Navigating OpenStreetMap

Spatial data is a very new term in regards to computing, we can use this data in map form or otherwise to get a better understanding of the world around us. Open Street Map I found to be a good tool in regards to spatial data.

The main advantage OSM has over say, Google Maps, is detail. Something which can be lacking with other map services. With Google, you must pay to be featured on their map service, which can be of much difficulty for humanitarian purposes or charitable organisations. Since OSM is crowdsourced, this negates the need for payment as long as the user/editor sticks to the guidelines laid down by the Open Database Licence, it is my understanding that work carried out by editors before OSM grew was under a Creative Commons licence.

The map service itself is quite good, using Bing Maps as an overlay for much of the data entered by individual users. This allows users to apply their “Local Knowledge” to OSM, which can be very beneficial especially for humanitarian missions. My knowledge of my home town of Passage West allowed me to give a rundown of my town complete with local knowledge of individual buildings, places of worship, sports clubs, and historical monuments.

Google Maps on the other hand will only include this if the data is readily available, something small towns in Ireland lack as they do not have a large web presence as cities, etc.

One of the features I really enjoyed was the use of historical maps, which can be accessed through the side panel while in edit mode. It was very interesting to see how my town has grown over the years and how it’s been repurposed from a fishing/dockyard/industrial town on the late 19th/early 20th century, to a residential suburb of Cork City

The humanitarian function this tool serves is an important one, OSM responded to the 2010 Haiti earthquake by building a very comprehensive map of Haiti’s roads, buildings and refugee camps in just two days. The great thing about this (aside from the obvious help this was to aid organisations) is that it was fully crowdsourced, OSM users used their knowledge of Haiti to assist in creating the map, therefore speeding up the process of creation, re-evaluation, and validation.

Since then, OSM has been used in several humanitarian missions spanning from the Philippines to West Africa and the data from this has been used by many humanitarian organisations to co-ordinate aid efforts.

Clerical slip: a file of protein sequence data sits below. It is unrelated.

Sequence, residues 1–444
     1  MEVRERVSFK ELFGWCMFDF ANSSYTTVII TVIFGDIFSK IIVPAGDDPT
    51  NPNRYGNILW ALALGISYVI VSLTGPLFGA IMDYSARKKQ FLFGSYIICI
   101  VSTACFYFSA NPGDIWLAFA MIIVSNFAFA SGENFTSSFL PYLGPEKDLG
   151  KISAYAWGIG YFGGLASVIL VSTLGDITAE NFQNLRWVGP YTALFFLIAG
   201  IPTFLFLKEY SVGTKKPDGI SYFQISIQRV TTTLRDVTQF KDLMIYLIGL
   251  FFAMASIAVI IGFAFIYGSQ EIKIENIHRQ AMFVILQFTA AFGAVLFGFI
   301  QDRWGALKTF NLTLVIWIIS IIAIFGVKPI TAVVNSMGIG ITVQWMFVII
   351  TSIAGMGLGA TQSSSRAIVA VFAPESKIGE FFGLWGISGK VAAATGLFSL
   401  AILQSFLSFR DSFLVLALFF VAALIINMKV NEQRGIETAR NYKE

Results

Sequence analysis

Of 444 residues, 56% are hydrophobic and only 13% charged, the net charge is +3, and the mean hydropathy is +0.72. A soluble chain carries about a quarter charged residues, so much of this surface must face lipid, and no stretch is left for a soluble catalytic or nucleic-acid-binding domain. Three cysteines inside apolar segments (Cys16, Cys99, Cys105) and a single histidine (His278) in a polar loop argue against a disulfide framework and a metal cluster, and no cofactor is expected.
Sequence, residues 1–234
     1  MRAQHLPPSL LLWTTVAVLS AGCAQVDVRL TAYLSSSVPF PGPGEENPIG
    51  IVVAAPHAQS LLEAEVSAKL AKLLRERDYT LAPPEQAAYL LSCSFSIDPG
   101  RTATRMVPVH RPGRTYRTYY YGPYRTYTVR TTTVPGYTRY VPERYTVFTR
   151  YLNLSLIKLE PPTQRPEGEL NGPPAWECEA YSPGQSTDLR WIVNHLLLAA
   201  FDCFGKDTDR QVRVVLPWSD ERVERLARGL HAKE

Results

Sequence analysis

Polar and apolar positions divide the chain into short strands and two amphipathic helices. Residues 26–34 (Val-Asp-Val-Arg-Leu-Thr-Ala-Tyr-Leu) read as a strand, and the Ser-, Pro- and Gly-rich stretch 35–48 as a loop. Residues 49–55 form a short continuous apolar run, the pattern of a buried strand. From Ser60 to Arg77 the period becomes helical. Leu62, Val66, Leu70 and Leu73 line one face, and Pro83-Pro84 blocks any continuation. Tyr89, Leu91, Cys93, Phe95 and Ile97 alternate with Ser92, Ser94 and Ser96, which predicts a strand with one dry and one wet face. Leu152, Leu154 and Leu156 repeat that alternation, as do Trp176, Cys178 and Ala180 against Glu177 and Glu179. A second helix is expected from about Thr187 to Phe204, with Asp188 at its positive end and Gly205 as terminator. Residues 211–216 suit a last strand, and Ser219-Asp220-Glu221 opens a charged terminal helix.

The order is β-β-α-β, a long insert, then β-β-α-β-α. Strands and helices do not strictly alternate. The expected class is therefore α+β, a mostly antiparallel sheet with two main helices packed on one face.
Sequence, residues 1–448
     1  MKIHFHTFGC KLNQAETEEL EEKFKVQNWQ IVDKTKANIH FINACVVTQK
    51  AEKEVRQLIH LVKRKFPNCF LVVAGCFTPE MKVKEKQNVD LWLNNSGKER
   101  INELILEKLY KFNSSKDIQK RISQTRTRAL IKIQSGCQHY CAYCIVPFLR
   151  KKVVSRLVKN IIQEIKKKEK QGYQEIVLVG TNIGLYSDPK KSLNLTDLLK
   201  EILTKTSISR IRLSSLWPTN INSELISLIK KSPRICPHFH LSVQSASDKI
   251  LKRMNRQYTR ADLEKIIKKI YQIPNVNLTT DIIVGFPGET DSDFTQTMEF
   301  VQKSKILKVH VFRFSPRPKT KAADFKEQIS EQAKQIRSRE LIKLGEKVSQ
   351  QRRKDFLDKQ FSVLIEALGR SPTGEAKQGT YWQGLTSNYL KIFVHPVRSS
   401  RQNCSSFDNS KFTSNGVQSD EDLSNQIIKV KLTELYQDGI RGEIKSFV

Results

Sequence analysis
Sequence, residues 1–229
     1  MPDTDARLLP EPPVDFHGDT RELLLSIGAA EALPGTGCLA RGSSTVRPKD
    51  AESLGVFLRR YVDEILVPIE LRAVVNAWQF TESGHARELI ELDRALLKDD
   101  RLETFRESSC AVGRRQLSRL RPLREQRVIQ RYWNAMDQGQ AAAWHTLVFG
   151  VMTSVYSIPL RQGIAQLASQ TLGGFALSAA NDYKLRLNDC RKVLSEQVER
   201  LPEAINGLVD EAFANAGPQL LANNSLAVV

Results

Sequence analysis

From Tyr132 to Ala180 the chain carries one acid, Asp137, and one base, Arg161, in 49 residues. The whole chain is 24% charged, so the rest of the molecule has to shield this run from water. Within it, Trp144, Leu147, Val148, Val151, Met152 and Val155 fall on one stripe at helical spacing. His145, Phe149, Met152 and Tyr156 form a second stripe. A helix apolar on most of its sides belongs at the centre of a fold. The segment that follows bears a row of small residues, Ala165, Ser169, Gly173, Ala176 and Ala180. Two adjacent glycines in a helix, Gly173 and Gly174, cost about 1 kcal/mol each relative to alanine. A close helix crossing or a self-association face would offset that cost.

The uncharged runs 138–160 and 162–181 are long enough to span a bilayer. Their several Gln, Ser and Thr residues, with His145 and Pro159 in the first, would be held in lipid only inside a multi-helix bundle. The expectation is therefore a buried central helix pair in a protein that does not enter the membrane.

The “collective” aspect of this tool is fascinating, there are not many tools out there that uses vast amounts of primarily user based data and uses them to create a very real representation of the world around us. Through my experience with the tool, I have seen other parts of the world, particularly my old neighbourhood in Oshawa, Ontario, which has been completely mapped out, validated and published and the level of detail is dense. I was very pleased to see this, during the winter it’s quite difficult to navigate your way around with the snow and ice and such, This tool would be a great asset to individuals, businesses and emergency services to help them get around during that time of year. I have noticed also that there has been constant changes made to the map as Oshawa has changed over the last few years, the north of the city has been completely redeveloped from woodland and fields to vast, sprawling neighbourhoods to accommodate how Toronto itself has grown. Likewise in Cork, in the last 10 years, most of our city has been redeveloped. The road system has changed in Cork city to a primarily one-way system which can be a nightmare for drivers not used to driving around the city.

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Tourists can also benefit highly from OSM, something I found while visiting New York City recently. I used OSM to find my way around East Village. NYC can be quite confusing at times but I found by using OSM instead of Google Maps, I could accurately see the individual building numbers, landmarks and nearby restaurants. This not only helped me get around, but also helped me find the places I wanted to go which were off the beaten track, as the map data is generated by locals.

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In conclusion I think Open Street Map is a fantastic tool that can be used in many different ways for different objectives. The use of local knowledge is something travel writers have been trying to attain for years and now we have it in map form. From mapping out much of my own home town I have seen just how essential local knowledge is in creating these maps, whereas government organisations can map out the land and transport infrastructure, they cannot map out individual houses and buildings with knowledge on locals can give.


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